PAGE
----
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  • A Note from the Editor
  • Virginia M. Brennan, PhD

Practicing health care among medically underserved populations entails numerous challenges. Many arise from the tangle of cause and effect encompassing poverty, ill health, structural discrimination, psychosocial stress, ineffective schools, and inadequate housing.

Here at JHCPU, we strive to help policymakers and practitioners cut through this tangle. The central lessons of the present issue concern primary care, the point of first contact between a patient and the health care system, and cultural variability.

Paul Hershberger and colleagues from the Dept. of Family Medicine at Wright State University's Boonshoft School of Medicine, in their Report from the Field, write about a training curriculum in which residents learn to engage with patients in a culturally proficient way. That is to say, residents reflect upon their own personal histories and cultural frameworks so that they become more sensitive to the fact that any individual patient understands his or her health in a unique way, a way that makes sense in terms of the patient's personal history and cultural framework. Hershberger et al. cite Tervalon's 1998 construct, cultural humility, in describing what they hope to instill in their residents.1 This month's ACU Column by Mitchell H. Rubin is an effective self-portrait of a practitioner who appears to have succeeded in cultivating cultural humility.

Understanding a culture is, fundamentally, an act of interpretation;2 Hershberger and colleagues abjure their students never to pre-interpret a patient's culture on the basis of race or ethnicity, but to enter into the caregiver-patient relationship with an open and curious mind, ready to learn from the individual patient how he or she understands health and healing.

Primary care practice is central to this very local, individualized approach to providing care effectively in an increasingly integrated yet plural world. In this issue, the bulk of the papers concern cultural variability and/or primary care as the site for effective interventions among the medically underserved.

Language is the cutting edge of culture, and linguistic barriers to care are the prototypical cultural barrier. Ramirez, Engel, and Tang's review of the literature on interpretation services in the emergency room is complemented by Flores et al.'s extensive paper on the availability of interpreter services in hospitals throughout the state of New Jersey. Both conclude that, despite definitive evidence of the beneficial effects on care of professional interpreter services, such services are under-used in hospitals.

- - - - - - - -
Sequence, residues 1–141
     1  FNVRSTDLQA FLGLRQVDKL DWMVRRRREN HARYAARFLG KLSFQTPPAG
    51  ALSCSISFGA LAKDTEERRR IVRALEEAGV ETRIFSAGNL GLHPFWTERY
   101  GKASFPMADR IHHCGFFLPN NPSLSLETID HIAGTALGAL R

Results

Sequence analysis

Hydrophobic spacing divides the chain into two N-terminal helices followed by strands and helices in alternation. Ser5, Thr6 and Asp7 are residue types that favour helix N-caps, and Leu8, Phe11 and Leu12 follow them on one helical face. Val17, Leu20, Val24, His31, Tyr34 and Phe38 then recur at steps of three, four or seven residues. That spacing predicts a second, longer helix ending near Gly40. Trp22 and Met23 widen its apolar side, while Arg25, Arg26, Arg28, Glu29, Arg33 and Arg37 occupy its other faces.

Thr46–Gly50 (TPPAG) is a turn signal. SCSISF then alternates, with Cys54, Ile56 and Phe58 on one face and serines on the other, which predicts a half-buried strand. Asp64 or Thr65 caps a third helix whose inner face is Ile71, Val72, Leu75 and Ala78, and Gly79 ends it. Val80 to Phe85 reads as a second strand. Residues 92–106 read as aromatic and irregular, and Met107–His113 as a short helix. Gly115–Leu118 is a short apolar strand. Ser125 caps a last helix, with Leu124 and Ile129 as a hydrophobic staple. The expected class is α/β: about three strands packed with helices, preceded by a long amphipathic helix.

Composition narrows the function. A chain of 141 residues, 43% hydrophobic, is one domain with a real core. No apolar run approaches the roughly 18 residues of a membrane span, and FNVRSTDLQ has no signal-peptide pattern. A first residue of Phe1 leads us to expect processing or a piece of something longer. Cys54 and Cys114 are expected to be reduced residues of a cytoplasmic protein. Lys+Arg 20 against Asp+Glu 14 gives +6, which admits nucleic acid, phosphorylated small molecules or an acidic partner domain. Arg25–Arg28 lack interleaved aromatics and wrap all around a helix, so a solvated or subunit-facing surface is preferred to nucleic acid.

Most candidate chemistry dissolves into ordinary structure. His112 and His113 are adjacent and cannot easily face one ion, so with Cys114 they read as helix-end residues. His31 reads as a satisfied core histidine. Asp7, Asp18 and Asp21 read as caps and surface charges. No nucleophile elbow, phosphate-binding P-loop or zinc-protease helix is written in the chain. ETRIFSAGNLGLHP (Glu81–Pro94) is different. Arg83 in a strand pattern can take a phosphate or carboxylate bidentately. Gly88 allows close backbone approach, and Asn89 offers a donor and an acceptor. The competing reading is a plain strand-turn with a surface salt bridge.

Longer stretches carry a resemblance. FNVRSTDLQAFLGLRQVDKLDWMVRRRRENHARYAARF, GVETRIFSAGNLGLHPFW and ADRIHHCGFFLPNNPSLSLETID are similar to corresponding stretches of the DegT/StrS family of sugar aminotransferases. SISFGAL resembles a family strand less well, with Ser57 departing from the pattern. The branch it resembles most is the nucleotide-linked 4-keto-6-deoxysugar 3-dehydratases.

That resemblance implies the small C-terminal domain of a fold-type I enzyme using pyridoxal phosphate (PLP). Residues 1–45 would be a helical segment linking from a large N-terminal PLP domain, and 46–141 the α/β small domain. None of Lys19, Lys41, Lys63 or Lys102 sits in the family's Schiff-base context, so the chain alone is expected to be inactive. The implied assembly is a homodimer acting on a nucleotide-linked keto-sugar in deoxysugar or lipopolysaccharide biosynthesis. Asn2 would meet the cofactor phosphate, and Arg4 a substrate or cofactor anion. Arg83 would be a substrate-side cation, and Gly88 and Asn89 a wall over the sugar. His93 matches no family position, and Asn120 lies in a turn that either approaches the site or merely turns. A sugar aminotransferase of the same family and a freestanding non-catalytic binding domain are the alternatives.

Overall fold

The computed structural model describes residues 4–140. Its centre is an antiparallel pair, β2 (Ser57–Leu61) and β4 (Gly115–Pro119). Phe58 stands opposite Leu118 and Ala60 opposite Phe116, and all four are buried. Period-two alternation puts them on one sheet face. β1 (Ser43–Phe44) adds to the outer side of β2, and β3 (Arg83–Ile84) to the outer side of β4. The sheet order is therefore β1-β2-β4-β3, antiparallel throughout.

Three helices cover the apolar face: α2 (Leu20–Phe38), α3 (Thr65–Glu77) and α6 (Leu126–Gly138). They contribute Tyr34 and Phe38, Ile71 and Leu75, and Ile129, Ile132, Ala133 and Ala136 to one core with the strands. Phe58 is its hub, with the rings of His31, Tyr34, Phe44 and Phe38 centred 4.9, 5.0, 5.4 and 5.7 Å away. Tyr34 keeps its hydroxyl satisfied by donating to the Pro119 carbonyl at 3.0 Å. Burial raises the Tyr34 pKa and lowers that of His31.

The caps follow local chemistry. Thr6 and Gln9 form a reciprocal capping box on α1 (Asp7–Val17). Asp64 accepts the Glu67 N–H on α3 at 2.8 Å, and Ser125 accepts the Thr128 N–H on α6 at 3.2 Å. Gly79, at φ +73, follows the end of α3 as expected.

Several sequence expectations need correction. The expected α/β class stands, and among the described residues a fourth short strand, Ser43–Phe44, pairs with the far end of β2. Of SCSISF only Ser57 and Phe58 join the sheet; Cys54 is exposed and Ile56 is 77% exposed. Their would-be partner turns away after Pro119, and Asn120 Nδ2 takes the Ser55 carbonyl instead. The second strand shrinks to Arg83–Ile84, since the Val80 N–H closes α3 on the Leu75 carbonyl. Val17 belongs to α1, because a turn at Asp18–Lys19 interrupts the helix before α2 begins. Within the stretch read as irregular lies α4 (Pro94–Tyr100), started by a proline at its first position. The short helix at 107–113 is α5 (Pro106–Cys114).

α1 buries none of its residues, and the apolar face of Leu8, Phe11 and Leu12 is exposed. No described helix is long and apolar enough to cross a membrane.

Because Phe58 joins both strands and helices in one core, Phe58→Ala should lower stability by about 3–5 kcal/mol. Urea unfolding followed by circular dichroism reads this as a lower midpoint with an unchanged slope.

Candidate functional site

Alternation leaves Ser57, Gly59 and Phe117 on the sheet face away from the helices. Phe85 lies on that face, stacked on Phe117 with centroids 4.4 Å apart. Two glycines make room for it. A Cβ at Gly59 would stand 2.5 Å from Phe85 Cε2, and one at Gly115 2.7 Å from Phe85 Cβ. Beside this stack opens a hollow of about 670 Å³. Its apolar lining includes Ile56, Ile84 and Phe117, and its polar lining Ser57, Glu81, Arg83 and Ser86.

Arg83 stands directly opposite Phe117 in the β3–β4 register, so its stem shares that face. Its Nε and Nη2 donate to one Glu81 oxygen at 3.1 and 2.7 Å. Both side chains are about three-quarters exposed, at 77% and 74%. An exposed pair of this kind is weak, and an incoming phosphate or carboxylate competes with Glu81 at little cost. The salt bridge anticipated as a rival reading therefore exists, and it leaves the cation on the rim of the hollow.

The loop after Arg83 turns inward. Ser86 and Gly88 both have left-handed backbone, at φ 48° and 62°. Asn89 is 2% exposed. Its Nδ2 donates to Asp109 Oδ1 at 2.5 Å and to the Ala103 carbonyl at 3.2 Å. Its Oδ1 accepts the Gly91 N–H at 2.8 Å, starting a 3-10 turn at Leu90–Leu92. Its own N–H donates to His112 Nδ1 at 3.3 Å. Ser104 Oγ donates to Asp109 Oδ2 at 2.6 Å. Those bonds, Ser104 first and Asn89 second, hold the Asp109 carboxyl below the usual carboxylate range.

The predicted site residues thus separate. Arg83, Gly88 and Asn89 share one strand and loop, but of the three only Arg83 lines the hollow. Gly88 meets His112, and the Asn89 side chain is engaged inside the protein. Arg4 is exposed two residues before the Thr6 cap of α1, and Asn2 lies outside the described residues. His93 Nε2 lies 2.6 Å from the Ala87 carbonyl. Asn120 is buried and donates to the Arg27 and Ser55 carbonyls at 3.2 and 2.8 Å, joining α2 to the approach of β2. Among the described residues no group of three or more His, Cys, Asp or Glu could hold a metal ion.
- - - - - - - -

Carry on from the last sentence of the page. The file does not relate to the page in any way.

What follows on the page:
A series of papers on specific populations illustrate how variably culture and history impinge on health. Beckham and colleagues from the Wai'anae Coast Comprehensive Health Center in Hawai'i report on the effectiveness of community health workers in promoting diabetes management (defined in terms of improved HbA1c) among a predominantly Native Hawaiian and Samoan population. Xu and Borders, using a national database, studied the relationship between immigration status and seeking health care, demonstrating that immigrants use both preventive and non-preventive [End Page vii] care less frequently than non-immigrants. Burgess et al. conducted focus groups with male and female Hmong smokers, in an effort to understand barriers to quitting that the Hmong encounter. Their interesting report illustrates that both gender and acculturation make a difference; for instance, Hmong women were concerned about having their smoking status revealed if they were to seek help, because of cultural prohibitions against female smokers, while less acculturated Hmong smokers considered U.S. cigarettes more addictive than the homegrown tobacco they smoked at home.

Social context can also influence health care utilization, and this is another site of cultural variability. Latino children use fewer professional dental services and experience more dental decay than non-Hispanic White and non-Hispanic Black children. Nahouraii et al. found a connection between social support for use of dental care and dental care utilization in Latino families: in families where the mother reported strong social support, the children were more likely to receive dental care.

Bosssarte et al. studied another sort of cultural (or counter-cultural) group, the Rainbow Family of Living Light (RFLL), and their use of health care services during an annual outdoor gathering that attracts tens of thousands of participants. Their assessments indicate that the RFLL...


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